Your designer needs to know what you expect from their work, and if designer aren’t understanding what you want! The project might go a different direction than intended. It’s time to get down to work and figure out exactly what you need to do to get your message across to designer and get a design that meets your needs.
When you have met with your designer to go from basics because he needs a week or two to start designing a sample for you. The only information they have to work with what you told them in the meeting. Sometimes, that information might not have been enough. Sometimes, the wires get crossed and the design doesn’t turn out exactly how you were imagining.
To prevent that, here are a few ideas on what to try if there is just no breaking the communication barrier.
First mostly, try to stay calm, patient, and assertive throughout the experience, as heated tempers definitely do not increase understanding, and would probably end up making the situation worse. It is most likely that your designer is trying to comprehend what your goals and ideas for the project are, but a miscommunication or misunderstanding might be hindering them from doing so. By staying patient, this leaves opportunity for clearing up whatever the issues might be.
When giving feedback to your designer, whether you love it or hate it, you have to be as specific as possible. These do/don’t do steps helps you more :
In the previous point, Like we told using descriptive language, try to find an example image or what you’re referring to. If you are saying that the page lacks color, point to a specific section. There may be color all over the page, but if you’re looking for a colorful font, then that’s what your example image shows. Likewise, if you are saying that the page isn’t playful enough, you might point to the font. The blocky font might feel too professional. Use that as your example of a more playful page.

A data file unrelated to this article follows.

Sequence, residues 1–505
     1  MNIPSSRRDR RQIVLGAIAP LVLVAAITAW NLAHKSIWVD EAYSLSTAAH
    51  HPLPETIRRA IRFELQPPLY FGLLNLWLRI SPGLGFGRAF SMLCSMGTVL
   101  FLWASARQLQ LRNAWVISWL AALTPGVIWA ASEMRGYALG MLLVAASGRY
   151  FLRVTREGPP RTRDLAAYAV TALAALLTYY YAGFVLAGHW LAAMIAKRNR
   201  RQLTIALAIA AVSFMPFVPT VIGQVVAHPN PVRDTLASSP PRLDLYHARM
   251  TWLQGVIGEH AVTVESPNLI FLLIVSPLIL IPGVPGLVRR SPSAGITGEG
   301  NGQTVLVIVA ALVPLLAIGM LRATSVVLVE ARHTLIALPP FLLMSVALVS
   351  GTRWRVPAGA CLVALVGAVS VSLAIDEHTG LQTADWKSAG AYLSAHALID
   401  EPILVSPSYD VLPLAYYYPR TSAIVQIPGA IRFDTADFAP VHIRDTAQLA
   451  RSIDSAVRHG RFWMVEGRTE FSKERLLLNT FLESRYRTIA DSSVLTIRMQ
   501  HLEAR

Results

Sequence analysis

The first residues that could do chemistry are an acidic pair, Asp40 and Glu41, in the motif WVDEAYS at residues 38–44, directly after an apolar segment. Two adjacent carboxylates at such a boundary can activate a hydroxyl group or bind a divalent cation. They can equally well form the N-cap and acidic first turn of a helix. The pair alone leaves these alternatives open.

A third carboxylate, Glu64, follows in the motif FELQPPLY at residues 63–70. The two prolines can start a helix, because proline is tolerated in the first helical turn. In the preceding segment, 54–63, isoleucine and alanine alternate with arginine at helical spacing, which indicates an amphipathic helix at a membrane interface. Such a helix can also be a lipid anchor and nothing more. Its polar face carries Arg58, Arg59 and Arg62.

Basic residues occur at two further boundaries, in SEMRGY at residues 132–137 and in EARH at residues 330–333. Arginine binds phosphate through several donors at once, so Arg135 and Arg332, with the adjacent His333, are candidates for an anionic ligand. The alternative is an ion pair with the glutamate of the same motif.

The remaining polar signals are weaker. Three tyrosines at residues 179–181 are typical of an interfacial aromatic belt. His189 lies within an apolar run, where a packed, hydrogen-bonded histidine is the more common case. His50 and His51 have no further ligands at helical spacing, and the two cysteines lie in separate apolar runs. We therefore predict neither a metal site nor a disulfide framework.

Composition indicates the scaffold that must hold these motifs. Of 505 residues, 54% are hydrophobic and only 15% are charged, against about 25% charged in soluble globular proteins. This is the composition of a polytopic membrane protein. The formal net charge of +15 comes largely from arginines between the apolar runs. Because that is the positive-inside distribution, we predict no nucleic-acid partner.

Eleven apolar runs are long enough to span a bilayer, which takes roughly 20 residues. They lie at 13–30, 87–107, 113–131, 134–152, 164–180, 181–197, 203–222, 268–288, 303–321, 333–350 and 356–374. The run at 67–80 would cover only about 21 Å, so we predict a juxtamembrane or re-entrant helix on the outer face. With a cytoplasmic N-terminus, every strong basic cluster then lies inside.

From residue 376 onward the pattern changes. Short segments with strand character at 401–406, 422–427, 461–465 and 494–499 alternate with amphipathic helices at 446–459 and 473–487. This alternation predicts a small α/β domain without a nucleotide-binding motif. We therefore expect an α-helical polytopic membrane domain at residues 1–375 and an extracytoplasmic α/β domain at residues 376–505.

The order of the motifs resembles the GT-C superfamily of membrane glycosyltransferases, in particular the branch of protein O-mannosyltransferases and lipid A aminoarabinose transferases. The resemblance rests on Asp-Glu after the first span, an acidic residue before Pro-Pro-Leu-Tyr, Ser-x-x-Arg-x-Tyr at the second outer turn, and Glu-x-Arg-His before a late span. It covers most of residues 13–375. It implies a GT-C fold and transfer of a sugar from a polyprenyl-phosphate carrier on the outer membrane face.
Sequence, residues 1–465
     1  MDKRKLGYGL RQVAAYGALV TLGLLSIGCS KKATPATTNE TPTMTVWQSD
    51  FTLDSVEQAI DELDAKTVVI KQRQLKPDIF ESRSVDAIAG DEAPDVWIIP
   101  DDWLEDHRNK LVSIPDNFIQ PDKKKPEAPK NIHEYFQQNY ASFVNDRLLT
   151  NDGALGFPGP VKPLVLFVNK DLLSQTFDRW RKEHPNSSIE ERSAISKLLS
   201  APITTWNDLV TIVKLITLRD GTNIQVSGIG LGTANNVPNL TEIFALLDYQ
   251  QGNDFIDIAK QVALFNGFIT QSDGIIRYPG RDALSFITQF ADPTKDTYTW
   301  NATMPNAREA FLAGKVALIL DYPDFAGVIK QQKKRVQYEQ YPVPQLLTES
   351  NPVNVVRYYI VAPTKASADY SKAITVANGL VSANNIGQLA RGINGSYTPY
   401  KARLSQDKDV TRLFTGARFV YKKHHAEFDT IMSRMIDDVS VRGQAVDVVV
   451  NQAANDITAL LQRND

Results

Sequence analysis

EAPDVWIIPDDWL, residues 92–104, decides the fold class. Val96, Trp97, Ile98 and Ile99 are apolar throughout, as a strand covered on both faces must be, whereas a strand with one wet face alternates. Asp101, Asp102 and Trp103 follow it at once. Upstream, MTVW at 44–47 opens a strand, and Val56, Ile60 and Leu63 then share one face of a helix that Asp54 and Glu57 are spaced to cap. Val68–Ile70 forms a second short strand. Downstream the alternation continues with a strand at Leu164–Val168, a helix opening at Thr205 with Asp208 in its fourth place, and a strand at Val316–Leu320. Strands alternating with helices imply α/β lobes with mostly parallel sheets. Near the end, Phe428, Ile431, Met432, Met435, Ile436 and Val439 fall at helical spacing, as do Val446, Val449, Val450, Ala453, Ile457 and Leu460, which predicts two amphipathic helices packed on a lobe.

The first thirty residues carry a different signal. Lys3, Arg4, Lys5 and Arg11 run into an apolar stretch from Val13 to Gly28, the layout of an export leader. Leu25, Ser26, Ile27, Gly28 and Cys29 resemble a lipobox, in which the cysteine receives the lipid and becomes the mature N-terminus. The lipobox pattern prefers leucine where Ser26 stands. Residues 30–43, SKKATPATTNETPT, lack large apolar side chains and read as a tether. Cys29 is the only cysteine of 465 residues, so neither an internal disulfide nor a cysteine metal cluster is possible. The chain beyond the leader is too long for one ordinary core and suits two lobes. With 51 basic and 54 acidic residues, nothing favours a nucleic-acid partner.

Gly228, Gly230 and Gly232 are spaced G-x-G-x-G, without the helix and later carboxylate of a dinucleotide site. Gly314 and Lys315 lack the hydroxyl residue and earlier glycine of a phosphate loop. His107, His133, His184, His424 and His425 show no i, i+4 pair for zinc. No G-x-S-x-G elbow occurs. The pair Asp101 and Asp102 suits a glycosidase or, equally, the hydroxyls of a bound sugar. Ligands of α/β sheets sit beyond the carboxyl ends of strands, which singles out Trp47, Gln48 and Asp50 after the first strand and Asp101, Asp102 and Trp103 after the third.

You can have more than one example of a point. You might point to both the color choices and the font when saying the page needs to feel more playful. The visual representation of what you have been explaining might be the last piece of the puzzle in getting your designer to understand, and could be the turning point of the entire project.
When you’re drawing a blank, find inspiration from other websites. Your website isn’t the only one on the internet there are a million billion websites. Find another company in your industry that you like (or hate) to be the example of what you’re looking for (or not looking for).
If you want a town and country feel for your Online Store website, you might look at other Online Store or even restaurant websites for a similar town and country feel.
You can go through our portfolio of websites for help finding inspiration too!
Some offices have a very professional look while others have a more playful look. Find the examples of both to represent what you DO and DO NOT want in your website. Send the links with descriptions at your designer’s email to help them understand what you are upto.
Web design is a hard Job. If you have questions about the process or about your website, just ask us! We have been through this process hundreds of times, but sometimes we forget that this is your first time. If you need us to break it down a little further, or if you want us to explain the process again and again and again, feel free to ask friendly.